Because the Conveying Subsidiaries granted the liens on their assets but the loan proceeds went to satisfy debts owed by the parent, the court easily concluded that the Conveying Subsidiaries did not receive any direct benefits.
Defendants also argued that the Conveying Subsidiaries received indirect benefits, including avoiding a parent company bankruptcy, which allowed the parent to continue to provide support services, and eliminating the adverse business overhang of the Transeastern litigation.
Because the Conveying Subsidiaries were insolvent even before the July 31 Transaction and received no value from that transaction, the court determined that the liabilities and liens could not be enforced to any extent.
However, the court went a step further and in opined that even if the Conveying Subsidiaries had become insolvent only as a result of the July 31 Transaction, the savings clauses are unenforceable under section 541(c)(1)(B), which provides that an interest of the debtor in property becomes property of the estate, notwithstanding any “provision in an agreement” that is “conditioned on the insolvency or financial condition of the debtor” that “effects or gives an option to effect a forfeiture, modification or termination of the debtor’s interest in property.” The TOUSA court also determined that the savings clauses were unenforceable because they were an impermissible effort to contract around the core provisions of the Bankruptcy Code, and that the savings clauses before the court were inherently indefinite as a matter of contract law.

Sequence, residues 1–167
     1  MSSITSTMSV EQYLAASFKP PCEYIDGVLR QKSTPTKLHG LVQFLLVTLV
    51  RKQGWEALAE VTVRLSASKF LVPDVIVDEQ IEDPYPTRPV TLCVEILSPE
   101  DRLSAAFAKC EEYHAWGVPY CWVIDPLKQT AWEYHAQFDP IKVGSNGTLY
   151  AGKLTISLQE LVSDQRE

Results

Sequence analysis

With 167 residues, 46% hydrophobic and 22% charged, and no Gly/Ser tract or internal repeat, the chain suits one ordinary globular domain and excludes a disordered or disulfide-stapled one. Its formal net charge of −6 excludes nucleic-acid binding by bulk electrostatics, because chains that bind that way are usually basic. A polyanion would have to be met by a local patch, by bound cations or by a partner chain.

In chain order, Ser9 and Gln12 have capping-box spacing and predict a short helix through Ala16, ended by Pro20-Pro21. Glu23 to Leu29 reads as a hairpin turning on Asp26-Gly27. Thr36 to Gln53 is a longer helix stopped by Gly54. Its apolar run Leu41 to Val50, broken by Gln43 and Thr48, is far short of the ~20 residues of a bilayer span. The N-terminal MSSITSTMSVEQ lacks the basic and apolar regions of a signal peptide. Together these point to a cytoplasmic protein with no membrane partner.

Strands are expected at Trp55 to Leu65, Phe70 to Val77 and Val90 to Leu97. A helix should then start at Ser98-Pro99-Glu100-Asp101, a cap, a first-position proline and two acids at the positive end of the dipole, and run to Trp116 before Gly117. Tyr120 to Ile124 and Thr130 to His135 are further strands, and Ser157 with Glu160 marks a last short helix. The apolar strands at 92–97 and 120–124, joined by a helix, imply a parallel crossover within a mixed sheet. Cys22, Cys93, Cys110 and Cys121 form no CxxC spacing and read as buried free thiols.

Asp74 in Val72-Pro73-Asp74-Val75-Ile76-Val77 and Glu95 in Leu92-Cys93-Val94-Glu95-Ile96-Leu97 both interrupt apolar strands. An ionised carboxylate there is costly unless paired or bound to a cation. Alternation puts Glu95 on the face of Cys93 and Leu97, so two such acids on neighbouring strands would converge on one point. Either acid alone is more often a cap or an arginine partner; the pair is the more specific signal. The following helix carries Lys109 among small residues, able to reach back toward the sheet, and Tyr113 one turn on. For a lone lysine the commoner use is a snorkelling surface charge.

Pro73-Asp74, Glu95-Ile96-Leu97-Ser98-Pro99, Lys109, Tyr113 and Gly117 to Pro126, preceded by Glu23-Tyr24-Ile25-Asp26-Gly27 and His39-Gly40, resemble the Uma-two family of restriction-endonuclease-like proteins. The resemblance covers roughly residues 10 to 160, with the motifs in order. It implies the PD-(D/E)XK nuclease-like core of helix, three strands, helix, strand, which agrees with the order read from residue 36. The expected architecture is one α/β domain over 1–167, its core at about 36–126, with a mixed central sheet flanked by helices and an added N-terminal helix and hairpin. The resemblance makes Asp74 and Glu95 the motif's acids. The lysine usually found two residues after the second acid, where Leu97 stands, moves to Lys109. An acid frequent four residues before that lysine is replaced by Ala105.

The court noted that section 548 requires consideration of whether “the debtor” was insolvent, not the debtor and its affiliates collectively, and that the Defendants had waived any claims of substantive consolidation, alter ego or veil piercing.
The court found that the Conveying Subsidiaries were insolvent under all three insolvency tests before the July 31 Transaction, and because the Conveying Subsidiaries had incurred substantial new debt without receiving any of the loan proceeds, the Conveying Subsidiaries were rendered more deeply insolvent as a result of the July 31 Transaction.
The TOUSA decision reinforces the need for lenders to carefully consider how they structure their loan transactions, especially when dealing with multiple borrowers, guarantors and/or pledgors.